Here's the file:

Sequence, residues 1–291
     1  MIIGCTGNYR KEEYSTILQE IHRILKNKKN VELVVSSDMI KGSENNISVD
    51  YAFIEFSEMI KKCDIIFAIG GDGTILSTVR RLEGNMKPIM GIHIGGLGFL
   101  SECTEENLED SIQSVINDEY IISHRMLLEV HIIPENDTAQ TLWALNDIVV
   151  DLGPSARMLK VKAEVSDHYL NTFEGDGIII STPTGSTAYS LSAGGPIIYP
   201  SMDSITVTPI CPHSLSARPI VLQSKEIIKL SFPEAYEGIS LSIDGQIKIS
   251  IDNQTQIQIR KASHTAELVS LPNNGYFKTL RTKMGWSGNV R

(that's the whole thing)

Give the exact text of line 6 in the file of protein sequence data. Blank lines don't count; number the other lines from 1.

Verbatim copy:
   201  SMDSITVTPI CPHSLSARPI VLQSKEIIKL SFPEAYEGIS LSIDGQIKIS